Searching for Answers on “Lost”


Lorne Manly of The New York Times interviewed the executive producers of Lost, Damon Lindelof and Carlton Cuse, and asked them about science and religion:

Q. Your show traffics in a lot of big themes—fate versus free will, good versus evil, faith versus reason, how often Sawyer should be shirtless. Ultimately, what were the most important themes for you in this series?
Damon Lindelof: If there’s one word that we keep coming back to, it’s redemption. It is that idea of everybody has something to be redeemed for and the idea that that redemption doesn’t necessarily come from anywhere else other than internally. But in order to redeem yourself, you can only do it through a community. So the redemption theme started to kind of connect into “live together, die alone,” which is that these people were all lone wolves who were complete strangers on an aircraft, even the ones who were flying together like Sun and Jin. Then let’s bring them together and through their experiences together allow themselves to be redeemed. When the show is firing on all pistons, that’s the kind of storytelling that we’re doing.
I think we’ve always said that the characters of “Lost” are deeply flawed, but when you look at their flashback stories, they’re all victims. Kate was a victim before she killed her stepfather. Sawyer’s parents killed themselves as he was hiding under the bed. Jack’s dad was a drunk who berated him as a child. Sayid was manipulated by the American government into torturing somebody else. John Locke had his kidney stolen. This idea of saying this bad thing happened to me and I’m a victim and it created some bad behavior and now I’m going to take responsibility for that and allow myself to be redeemed by community with other people, that seems to be the theme that we keep coming back to.

Today, the producers respond to questions about the show from readers:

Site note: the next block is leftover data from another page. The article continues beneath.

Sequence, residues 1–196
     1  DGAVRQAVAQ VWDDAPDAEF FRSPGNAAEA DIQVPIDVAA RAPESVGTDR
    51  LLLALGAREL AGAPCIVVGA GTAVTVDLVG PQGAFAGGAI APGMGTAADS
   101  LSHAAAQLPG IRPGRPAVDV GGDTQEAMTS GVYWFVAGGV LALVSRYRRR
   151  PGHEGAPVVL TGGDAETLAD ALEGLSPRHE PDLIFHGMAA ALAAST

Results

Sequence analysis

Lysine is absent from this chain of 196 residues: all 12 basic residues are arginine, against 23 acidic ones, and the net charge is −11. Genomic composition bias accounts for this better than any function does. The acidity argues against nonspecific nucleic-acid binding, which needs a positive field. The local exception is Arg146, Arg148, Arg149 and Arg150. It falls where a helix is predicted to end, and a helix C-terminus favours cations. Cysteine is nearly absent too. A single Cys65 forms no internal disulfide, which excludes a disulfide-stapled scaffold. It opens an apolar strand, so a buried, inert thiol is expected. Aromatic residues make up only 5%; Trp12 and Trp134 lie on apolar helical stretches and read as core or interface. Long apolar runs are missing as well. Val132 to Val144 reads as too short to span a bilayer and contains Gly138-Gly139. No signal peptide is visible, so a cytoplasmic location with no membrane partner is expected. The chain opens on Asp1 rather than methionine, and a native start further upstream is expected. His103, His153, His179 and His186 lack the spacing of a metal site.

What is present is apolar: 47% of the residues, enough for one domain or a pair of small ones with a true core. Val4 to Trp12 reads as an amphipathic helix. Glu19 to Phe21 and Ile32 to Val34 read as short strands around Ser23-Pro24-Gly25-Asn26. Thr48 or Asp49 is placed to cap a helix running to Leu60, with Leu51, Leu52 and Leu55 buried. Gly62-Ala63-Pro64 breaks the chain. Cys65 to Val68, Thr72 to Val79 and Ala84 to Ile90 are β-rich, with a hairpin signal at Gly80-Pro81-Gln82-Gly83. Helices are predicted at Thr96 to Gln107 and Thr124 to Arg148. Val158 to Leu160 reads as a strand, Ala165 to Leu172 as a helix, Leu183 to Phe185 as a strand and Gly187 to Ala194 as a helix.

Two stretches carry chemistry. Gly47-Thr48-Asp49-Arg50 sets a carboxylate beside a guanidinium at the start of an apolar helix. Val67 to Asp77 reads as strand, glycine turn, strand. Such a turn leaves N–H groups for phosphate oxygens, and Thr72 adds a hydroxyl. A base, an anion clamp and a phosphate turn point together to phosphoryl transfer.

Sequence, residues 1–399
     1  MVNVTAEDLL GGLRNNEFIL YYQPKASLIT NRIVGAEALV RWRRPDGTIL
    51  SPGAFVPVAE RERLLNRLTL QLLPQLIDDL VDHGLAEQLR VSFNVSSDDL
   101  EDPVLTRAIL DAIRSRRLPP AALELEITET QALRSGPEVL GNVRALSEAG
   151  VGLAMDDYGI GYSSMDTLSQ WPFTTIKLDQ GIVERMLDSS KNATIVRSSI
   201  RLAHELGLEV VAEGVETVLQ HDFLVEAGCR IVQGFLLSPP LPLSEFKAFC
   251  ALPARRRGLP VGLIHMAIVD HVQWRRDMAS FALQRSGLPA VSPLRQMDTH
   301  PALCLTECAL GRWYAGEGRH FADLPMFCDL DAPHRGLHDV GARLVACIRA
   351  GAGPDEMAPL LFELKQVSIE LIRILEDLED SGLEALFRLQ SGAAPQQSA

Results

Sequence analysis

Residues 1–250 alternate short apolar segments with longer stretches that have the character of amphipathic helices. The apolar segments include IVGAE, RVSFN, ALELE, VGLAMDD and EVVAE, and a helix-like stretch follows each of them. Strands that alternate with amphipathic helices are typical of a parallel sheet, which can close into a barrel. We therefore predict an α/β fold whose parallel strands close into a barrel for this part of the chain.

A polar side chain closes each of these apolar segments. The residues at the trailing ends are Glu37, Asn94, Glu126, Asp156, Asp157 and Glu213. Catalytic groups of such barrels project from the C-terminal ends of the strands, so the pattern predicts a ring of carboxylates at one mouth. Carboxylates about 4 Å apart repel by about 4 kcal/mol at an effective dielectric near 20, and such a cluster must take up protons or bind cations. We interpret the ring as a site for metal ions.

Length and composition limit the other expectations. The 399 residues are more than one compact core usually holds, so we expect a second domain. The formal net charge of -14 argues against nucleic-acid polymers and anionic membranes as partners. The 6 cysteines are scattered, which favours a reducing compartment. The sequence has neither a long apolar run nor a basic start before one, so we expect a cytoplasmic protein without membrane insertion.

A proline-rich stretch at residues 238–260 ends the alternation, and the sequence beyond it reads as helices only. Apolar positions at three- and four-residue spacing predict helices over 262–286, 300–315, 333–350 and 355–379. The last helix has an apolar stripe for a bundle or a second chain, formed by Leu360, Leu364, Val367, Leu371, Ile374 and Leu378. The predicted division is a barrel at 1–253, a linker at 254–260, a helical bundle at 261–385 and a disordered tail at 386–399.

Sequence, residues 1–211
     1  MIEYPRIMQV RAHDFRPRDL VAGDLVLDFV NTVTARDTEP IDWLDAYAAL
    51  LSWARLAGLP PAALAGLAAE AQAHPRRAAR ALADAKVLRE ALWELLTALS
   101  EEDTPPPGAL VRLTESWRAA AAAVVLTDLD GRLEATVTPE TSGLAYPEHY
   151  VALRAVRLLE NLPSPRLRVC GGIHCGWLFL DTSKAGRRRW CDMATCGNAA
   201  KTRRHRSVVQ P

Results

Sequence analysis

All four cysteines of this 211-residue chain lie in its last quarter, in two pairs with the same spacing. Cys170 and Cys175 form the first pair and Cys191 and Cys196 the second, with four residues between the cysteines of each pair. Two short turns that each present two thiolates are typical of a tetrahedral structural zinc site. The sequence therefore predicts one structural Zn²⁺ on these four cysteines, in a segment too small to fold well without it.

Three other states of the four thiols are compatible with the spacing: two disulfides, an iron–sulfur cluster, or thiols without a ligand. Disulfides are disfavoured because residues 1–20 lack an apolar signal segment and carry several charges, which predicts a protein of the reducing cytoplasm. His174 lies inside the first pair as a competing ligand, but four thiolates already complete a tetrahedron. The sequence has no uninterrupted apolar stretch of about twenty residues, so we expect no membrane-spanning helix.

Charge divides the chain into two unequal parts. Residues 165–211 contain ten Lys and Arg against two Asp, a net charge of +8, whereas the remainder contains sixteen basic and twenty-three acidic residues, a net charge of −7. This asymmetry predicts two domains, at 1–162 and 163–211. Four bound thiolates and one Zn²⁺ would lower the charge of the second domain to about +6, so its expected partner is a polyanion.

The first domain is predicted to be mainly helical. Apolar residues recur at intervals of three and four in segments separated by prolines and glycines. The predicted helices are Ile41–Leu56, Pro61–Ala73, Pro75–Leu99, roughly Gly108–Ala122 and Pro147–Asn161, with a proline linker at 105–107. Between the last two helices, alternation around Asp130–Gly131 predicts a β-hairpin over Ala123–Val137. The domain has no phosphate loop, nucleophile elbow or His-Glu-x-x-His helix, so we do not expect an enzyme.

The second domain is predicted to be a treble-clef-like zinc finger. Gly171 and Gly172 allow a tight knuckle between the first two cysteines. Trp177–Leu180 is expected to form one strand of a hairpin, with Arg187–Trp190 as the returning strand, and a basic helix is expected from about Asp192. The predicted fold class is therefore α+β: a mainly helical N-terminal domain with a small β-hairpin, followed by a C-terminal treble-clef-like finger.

Q. In your 2005 interview with The Times you said, “There can be things that are happening that are quote, phenomenal, but there’s always a scientific answer to it.” With ghosts and immortals (to name but two), you have clearly moved out of the realm where a scientific answer is possible for everything. Did you know that back in 2005 or realize it as the series went on?
—Alex, Seattle
Lindelof: While we certainly don’t want to rewrite history (or do we?), the context of that quote applied to the show at the time. Certainly, the pilot strongly hinted at supernatural elements and by the end of Season 1, we saw “the monster” was a being made of black smoke. Since that time, we’ve gone on record as “letting our freak flag fly” into the realm of the supernatural, and although it has probably cost us some members of our audience, from the moment Locke got out of his wheelchair (in the fourth episode of the series) we knew the reason behind it was not going to be “scientific.”

As for the decision to bring in ideas from many different faith traditions (as well as atheism), Lindelof says:

… it’s our hope that the show speaks to people all along the spectrum. At the same time, we’ve gone out of our way never to seem “preachy” and to have the characters on the show actively debate whether or not there is any purpose or design to what the hell they’re doing on the island.

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  1. MK says:

    I can not explain how much I’m going to miss this show – it’s honestly tearing me up that it will be over on Sunday. As far as I’m concerned, Damon and Carlton should receive an Emmy this year for the cummulative work they’ve done on the show. Everything about it will be missed – the written, the clues, the searching, the characters, and most of all, the smart-ness of the show. I don’t think there’s anything close to it that asks you to ask so many questions or ties in so many cultural and literary references to play along with its viewers. It’s truly a huge accomplishment. I’m honestly mesmerized by the amount of work that had to go into this show – the historical and literary connections alone are mind blowing. http://thesmogger.com/2010/05/20/looking-at-lost-the-literary-connections/

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